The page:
Okay, so here’s a weird little quirk of mine: I like even numbers. I take an even number of bites when I eat. When I’m walking, it’s two steps at a time—always. And when I’m writing, if the number of words ends up being an odd number, I have to go back and find a way of making it even.

I know, this is not the best way to write. Sometimes adding an extra word to make it even does not improve the story and so should not be done, but it’s compulsive. I can’t help it. So here we are. It would be easier if I didn’t have that little word counter in the corner keeping track for me, but that’s kind of necessary with Milwordy, isn’t it?

Now I take a little break. I stretch out my fingers. I’m starting to get some pain in my hands and wrists from all this writing. I’m sort of hoping that it’s just because I’m not used to doing this much typing and my muscles will get used to it, but I know I may have to figure out some way to mitigate the pain. Maybe I need better posture. Maybe if I actually sat at my desk and not the couch, my hands would be in better shape. I don’t know.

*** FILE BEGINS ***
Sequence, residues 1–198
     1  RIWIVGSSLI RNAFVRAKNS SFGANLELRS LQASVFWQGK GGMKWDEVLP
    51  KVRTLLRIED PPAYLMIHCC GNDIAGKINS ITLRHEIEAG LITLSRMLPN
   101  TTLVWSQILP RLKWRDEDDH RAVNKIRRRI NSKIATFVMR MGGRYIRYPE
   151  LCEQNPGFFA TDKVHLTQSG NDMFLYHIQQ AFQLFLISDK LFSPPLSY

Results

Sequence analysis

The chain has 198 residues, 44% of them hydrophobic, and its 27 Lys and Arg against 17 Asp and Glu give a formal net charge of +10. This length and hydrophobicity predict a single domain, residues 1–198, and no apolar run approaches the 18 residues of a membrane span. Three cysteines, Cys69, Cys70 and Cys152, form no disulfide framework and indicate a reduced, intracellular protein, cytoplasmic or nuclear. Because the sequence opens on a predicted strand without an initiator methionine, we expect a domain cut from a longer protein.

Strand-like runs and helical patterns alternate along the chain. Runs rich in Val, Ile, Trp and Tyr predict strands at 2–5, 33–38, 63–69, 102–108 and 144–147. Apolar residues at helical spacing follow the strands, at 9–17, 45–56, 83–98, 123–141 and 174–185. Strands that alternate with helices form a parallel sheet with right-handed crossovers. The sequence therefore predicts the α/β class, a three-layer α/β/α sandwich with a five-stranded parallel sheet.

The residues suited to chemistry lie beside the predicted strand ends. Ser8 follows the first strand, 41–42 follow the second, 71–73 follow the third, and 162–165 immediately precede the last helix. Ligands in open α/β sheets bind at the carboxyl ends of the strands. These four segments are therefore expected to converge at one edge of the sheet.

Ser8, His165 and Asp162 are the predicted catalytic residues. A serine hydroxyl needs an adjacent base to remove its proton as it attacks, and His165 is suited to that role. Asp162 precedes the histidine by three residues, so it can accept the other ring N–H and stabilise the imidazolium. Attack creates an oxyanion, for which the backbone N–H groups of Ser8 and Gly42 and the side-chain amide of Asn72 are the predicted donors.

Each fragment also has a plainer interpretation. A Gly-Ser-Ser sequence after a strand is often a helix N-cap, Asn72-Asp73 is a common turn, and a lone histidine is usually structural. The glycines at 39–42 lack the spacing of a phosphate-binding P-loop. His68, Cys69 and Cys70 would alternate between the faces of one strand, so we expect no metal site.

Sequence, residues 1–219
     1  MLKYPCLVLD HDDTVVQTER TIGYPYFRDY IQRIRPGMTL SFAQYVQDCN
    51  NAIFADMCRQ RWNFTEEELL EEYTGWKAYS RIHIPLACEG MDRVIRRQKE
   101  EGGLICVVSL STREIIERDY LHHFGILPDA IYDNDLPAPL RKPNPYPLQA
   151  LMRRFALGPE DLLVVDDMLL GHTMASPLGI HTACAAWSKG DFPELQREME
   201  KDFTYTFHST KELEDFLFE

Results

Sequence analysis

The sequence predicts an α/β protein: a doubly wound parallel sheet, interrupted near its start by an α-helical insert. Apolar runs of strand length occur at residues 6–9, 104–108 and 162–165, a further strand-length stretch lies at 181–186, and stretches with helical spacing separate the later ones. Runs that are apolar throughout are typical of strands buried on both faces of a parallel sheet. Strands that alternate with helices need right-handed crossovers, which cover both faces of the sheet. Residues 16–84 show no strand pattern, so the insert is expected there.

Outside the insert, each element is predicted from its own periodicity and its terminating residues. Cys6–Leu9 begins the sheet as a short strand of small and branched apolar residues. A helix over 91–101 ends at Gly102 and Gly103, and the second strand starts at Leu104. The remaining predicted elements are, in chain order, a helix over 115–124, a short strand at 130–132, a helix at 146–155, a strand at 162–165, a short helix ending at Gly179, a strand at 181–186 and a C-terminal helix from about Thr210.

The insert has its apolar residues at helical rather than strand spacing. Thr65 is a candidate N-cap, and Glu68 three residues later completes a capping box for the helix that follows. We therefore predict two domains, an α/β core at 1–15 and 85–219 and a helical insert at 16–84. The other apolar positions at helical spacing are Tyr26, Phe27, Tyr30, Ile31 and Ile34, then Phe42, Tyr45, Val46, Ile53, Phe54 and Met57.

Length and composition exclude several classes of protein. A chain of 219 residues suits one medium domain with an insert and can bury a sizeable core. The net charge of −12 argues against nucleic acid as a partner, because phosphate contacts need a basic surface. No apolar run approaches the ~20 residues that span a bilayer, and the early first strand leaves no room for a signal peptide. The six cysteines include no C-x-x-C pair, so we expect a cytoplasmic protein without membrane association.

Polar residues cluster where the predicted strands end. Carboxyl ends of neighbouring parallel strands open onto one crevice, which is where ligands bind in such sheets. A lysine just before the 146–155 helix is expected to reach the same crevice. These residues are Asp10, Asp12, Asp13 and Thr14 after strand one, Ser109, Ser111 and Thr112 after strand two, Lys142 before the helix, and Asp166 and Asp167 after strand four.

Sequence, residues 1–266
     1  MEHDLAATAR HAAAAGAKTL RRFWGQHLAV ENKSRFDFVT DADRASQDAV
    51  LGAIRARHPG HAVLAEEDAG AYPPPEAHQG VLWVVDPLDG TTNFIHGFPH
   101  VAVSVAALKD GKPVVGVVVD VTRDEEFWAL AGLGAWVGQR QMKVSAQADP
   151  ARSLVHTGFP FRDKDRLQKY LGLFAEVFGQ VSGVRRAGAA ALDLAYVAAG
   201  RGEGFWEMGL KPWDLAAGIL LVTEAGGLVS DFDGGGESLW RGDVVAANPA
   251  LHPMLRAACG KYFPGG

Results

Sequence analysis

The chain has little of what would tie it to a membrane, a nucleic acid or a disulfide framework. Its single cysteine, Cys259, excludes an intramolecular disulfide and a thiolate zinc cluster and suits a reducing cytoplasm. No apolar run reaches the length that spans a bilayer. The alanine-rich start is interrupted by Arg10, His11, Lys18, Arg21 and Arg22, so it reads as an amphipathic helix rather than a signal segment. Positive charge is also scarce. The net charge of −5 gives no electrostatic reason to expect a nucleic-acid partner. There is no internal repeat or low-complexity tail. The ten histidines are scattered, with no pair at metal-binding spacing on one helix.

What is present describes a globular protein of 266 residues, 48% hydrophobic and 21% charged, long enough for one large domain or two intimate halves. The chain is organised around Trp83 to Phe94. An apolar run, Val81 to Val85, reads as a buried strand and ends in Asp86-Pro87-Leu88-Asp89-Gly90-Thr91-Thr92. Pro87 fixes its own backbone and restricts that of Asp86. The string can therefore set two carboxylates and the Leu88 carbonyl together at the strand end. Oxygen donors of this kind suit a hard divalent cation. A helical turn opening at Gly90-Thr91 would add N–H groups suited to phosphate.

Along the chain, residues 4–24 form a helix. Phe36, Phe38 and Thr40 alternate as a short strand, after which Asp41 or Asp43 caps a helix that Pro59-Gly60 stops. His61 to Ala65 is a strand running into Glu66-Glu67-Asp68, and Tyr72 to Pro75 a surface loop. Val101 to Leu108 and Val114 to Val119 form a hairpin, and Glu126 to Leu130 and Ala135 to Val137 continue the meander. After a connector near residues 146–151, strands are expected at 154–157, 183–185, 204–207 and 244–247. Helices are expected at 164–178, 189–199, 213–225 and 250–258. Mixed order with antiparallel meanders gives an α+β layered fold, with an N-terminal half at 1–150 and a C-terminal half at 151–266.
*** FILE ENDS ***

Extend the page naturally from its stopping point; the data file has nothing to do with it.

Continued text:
Anyway, now I do find myself a writing sprint on YouTube. It features several AuthorTubers I know and several I don’t, but I’m excited to start it.

They talk a lot. Which I like, but also this is a form of procrastination for me. I like to feel like I’m not entirely alone when I’m writing and this helps…but man, I know if I just wrote straight through without the distractions, I could get all of my words for the day in about an hour and fifteen minutes. Could you imagine? I can and have imagined it many times. *sigh*

That’s not what I’m doing today. Today I’m listening to people who have actually managed to have some success with writing, talk about writing, while I procrastinate. Good job, Robin.

There’s the first sprint. Only fifteen minutes, but hey, I can do a decent amount with that.

I get nearly 700 words, but I did go over the sprint time a bit. In fact, I just keep on typing as they talk and I get myself all the way to a 2,092 total for the day before I have to stop and get ready for work.

I should have gotten further than that. I had the time. I’ve done it before. But this is again the problem with watching YouTube word sprints. There’s a lot more rest time in between sprints than I would otherwise give myself.